You Duped Me, O Lord

Homily for 22nd Sunday in Ordinary Time (Year A)
August 30, 2020
Sacred Heart, EGF – 8:00 AM
St. Francis, Fisher – 10:00 AM

Focus:             You duped me, O Lord, and I let myself be duped.
Function:         Embrace the Cross


You duped me, O Lord, and I let myself be duped.

Jeremiah the prophet – a story that started out so hopeful and with so much promise.

His calling:

God speaks to him:

Before I formed you in the womb, I knew you. 
Before you were born, I dedicated you. 
A prophet to the nations, I appointed you.

Beautiful words.

Jeremiah responds:

Ah, Lord God!  I do not know how to speak; I am too young!

God says:

Say not, “I am too young.”
To whomever I send you, you shall go;
whatever I command you, you shall speak.
Do not be afraid of them,
for I am with you to deliver you.

Then the LORD extended his hand and touched my mouth, saying to me,
See, I place my words in your mouth!

Today I appoint you over nations and over kingdoms,
to uproot and to tear down,
to destroy and to demolish,
to build and to plant.[1]

Beautiful.

Jeremiah is then sent to preach the coming captivity of Jerusalem.  He is a prophet of doom.  No one wanted to hear his message.  He was rejected and branded as a traitor.  He started out with so much promise, now he finds himself suffering greatly.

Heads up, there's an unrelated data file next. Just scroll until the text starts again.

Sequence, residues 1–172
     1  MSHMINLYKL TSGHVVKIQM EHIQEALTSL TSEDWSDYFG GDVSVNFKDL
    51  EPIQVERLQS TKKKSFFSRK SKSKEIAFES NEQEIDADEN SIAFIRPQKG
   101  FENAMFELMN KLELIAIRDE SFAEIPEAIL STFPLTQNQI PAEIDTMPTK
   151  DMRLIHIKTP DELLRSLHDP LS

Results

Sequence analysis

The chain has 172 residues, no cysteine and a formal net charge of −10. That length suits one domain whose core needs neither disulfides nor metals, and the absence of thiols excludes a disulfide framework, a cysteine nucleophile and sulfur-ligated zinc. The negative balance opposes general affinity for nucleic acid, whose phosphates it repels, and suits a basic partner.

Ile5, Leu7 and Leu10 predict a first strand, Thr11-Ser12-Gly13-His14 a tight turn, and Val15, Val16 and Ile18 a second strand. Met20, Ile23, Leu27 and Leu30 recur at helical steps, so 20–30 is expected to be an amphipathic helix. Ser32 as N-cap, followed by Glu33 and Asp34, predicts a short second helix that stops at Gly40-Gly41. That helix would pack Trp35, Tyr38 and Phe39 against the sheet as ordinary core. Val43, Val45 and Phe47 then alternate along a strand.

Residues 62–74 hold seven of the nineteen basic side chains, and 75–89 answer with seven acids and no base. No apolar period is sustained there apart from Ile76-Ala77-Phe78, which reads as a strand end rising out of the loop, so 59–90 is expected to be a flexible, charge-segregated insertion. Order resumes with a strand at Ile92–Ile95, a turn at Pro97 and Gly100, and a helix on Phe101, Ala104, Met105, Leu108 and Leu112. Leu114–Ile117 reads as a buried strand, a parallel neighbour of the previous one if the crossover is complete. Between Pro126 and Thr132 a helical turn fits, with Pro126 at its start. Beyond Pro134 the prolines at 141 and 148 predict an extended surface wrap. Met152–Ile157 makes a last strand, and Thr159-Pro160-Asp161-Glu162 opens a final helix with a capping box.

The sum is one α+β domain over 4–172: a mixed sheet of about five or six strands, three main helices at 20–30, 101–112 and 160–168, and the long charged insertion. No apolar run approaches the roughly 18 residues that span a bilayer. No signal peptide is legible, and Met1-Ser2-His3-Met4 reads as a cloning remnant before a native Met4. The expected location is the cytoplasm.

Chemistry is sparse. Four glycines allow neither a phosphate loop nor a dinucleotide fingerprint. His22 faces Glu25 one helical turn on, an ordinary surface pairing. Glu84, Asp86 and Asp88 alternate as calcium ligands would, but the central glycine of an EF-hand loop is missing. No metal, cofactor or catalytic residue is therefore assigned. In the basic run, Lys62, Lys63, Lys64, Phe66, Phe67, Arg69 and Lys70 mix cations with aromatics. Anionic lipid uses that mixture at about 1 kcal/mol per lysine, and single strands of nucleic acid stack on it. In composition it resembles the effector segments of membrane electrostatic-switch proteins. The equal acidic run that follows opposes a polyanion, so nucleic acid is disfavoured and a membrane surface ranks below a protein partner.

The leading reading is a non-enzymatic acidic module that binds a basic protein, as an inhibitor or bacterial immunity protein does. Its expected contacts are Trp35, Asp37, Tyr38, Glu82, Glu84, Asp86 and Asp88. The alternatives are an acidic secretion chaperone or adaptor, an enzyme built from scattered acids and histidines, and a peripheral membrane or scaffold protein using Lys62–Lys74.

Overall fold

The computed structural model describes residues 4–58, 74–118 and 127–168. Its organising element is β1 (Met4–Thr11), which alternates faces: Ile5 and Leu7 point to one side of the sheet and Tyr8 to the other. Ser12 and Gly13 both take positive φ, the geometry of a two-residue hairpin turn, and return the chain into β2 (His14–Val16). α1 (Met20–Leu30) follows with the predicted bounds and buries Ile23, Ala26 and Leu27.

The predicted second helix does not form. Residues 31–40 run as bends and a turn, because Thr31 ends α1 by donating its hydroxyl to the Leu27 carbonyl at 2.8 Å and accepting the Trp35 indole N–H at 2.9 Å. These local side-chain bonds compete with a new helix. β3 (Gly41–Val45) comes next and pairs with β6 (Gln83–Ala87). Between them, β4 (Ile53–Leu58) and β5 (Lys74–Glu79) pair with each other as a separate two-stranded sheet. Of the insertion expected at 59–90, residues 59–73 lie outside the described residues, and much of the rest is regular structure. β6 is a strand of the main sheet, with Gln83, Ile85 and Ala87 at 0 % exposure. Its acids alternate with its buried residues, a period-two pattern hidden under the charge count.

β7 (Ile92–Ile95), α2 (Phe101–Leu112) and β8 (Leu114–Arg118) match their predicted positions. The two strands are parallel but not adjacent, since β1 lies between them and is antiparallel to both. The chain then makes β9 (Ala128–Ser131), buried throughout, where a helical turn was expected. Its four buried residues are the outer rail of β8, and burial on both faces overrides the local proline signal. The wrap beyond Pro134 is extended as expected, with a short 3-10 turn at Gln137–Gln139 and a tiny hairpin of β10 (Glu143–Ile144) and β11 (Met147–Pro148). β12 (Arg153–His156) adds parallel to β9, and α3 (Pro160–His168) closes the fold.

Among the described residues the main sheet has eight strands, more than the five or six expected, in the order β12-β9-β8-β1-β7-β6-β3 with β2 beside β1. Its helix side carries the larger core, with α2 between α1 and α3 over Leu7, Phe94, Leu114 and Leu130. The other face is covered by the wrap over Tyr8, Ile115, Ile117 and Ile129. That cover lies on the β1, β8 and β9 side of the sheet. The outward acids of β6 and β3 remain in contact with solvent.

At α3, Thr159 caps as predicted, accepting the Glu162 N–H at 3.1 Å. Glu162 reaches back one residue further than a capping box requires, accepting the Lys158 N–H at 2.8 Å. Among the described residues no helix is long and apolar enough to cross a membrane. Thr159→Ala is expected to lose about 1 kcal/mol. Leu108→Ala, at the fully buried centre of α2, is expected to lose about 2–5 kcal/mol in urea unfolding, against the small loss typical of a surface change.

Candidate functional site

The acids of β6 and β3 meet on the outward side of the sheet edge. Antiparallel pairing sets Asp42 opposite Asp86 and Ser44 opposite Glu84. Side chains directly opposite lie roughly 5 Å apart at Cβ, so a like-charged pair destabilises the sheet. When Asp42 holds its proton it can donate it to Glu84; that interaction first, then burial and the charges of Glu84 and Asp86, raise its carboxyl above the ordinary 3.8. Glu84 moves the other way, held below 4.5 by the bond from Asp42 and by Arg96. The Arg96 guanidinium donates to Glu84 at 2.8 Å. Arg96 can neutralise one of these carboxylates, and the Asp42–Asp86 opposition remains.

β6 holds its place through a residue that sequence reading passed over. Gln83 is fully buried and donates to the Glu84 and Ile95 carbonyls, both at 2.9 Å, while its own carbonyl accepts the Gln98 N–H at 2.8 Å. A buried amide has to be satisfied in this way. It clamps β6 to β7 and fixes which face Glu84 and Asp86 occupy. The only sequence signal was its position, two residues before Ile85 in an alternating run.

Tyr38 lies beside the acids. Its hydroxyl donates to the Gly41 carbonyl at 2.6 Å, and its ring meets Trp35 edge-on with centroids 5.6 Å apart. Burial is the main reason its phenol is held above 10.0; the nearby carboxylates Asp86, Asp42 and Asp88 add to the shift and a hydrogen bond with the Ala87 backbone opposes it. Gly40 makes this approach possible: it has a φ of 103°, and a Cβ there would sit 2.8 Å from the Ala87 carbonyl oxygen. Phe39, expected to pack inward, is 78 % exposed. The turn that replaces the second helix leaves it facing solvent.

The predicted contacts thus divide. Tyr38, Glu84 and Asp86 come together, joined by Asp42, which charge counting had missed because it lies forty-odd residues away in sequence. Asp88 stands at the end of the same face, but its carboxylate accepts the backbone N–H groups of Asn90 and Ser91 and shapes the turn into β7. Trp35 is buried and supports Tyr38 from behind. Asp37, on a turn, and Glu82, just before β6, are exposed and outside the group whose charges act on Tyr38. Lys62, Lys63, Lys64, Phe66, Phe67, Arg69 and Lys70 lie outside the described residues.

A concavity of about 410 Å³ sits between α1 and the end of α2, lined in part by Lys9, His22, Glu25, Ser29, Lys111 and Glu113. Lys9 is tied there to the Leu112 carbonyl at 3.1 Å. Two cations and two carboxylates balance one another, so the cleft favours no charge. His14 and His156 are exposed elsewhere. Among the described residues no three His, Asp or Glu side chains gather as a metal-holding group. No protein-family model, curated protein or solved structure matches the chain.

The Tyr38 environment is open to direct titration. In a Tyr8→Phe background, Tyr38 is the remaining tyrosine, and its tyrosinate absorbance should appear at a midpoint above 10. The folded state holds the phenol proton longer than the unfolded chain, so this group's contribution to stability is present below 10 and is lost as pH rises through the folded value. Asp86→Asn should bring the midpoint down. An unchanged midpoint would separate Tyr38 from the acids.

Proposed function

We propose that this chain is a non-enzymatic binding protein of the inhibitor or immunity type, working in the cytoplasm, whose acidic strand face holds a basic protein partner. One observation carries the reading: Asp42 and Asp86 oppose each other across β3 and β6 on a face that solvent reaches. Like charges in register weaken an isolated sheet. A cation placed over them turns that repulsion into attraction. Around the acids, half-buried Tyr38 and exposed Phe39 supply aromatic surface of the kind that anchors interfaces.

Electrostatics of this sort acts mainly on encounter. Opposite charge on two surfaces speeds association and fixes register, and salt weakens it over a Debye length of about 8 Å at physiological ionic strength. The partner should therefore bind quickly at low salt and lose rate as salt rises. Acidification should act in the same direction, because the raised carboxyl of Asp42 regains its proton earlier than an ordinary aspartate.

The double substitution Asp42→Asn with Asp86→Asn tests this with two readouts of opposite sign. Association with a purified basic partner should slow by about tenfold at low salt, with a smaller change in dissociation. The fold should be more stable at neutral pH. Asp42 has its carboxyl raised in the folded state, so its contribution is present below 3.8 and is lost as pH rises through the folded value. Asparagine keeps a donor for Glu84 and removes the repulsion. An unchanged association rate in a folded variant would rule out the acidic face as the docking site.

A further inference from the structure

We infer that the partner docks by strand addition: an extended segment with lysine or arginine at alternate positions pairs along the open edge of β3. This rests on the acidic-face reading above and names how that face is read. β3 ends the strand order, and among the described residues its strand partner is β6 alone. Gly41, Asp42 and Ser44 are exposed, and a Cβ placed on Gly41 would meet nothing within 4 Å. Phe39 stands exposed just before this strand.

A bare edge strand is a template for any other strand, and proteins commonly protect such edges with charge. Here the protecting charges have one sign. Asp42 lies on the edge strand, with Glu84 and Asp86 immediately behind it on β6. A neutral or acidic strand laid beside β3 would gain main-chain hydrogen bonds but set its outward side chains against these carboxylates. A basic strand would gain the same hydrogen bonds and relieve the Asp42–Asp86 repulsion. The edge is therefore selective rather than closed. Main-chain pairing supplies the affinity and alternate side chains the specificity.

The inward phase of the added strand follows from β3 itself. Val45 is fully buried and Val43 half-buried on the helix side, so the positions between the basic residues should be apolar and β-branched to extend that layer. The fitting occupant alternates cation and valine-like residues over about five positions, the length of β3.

And so, in his anguish, he cries out to God:

You duped me, O Lord, and I let myself be duped.

Here is the couple, young and in love, infatuated with each other, as their wedding day approaches.  The image of family life begins at the altar with the beautiful white dress, hair perfectly in place (the groom’s and hers…), corsages bursting with color, everyone is all smiles as they exchange their “I do’s”.

Five years later, here is that same couple.  The honeymoon is over.  Dirty clothes are on the bedroom floor instead of in the hamper, kids are crying, bills are unpaid.  This one wet the bed, that one threw his orange juice on the floor, and the third one just gave his sister a haircut.

I just want a nap and some peace and quiet.